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Win a copy of Clojure in Action this week in the Clojure forum!
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This weeks Giveaway

 
Carl Trusiak
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This week we are giving away 4 copies of the book Early Adopter JXTA.
The best part, the Author Sing Li is on-line to answer your questions.
Thanks to the good folks at Wrox for the books
 
Doug Wang
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Hello Sing Li,
Welcome to this ranch! And May you a happy Spring Festival!
 
Doug Wang
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Sing Li,
You are also the author of another distributed java book _Professional Jini_. Could you give us a concise explanation on the difference b/w these two technologies? How do these two fit for Web Services?
Thanx.
[ February 12, 2002: Message edited by: Doug Wang ]
 
Michael Ernest
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For those of you interested in Jini, Sing Li's book Professional Jini is an outstanding resource for programmers wanting to learn the power of RMI and Jini takes advantage of it.
JXTA leverages the power of network communication in a manner similar to Jini, although the construction of the programming tools seems quite different. In a Jini environment, it's plausible to have services that also behave as clients, but you have to think through it to make it work (not to mention finding a good reason for doing it ).
JXTA is more than just a way to program file sharing, although Napster and other music-sharing services have done a lot to popularize the age-old concept of P2P. By extending the concept of network communities so all participants inherently send and receive data/code, you can express some very powerful computing ideas.
Let's take an example: 50 of us have a machine, and we're all over the place. We work in staggered shifts, and while our systems are idle we're decoding a genome together. My system goes out at some point and asks the other 49, "who has the genome data?" System 25 replies, "I do." My system says, "when you are done with it, I have a 10-hour window here of uninterrupted process time." System 25 says, "Cool, you want this whole job (and the responsibility for passing it forward in whatever state), or just a piece that will fit that resource window?"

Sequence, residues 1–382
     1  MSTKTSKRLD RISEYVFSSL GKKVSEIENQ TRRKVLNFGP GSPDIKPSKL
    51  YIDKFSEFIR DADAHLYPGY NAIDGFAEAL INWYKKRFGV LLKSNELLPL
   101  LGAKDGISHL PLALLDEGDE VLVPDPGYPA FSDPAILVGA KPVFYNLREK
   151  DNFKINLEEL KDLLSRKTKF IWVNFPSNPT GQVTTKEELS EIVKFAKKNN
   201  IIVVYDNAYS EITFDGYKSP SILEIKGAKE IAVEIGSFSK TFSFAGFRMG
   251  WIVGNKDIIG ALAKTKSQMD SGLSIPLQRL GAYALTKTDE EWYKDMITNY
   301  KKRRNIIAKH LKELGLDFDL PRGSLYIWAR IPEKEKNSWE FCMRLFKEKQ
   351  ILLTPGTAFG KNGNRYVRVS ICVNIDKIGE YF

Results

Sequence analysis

You can imagine the rest from there. There's no central computational resource, just networking services that register and deregister clients in the community, such that the network picture of what's going on is described, but not mastered by any one machine.
 
Latha Kalaga
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Hi Michael,
Jini and Jxta seem to have been developed to tackle the similar problem (peer-to-peer computing). Can you please be more specific on how Jxta can be applied to a specific problem while Jini comes up short?
Thanks,
Latha
 
Simon Xu
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Welcome, Li Sing,
Can you outline the contents of your book? Thanks
 
Michael Ernest
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Latha - Jini is not intended as a P2P model, plain and simple. That's all I'll say; I don't want to steal Sing's thunder.
Simon - can you perhaps develop a more interesting question for Sing than asking him to recite the table of contents? You can get that information from Fatbrain or Amazon. Let's use Sing's time wisely; what do you want to know about JXTA?
[ February 12, 2002: Message edited by: Michael Ernest ]
 
Anonymous
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Hi Sing Li,
All I could say is Welcome and thank you.
Yoel Stern
 
Fei Ng
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Sing Li,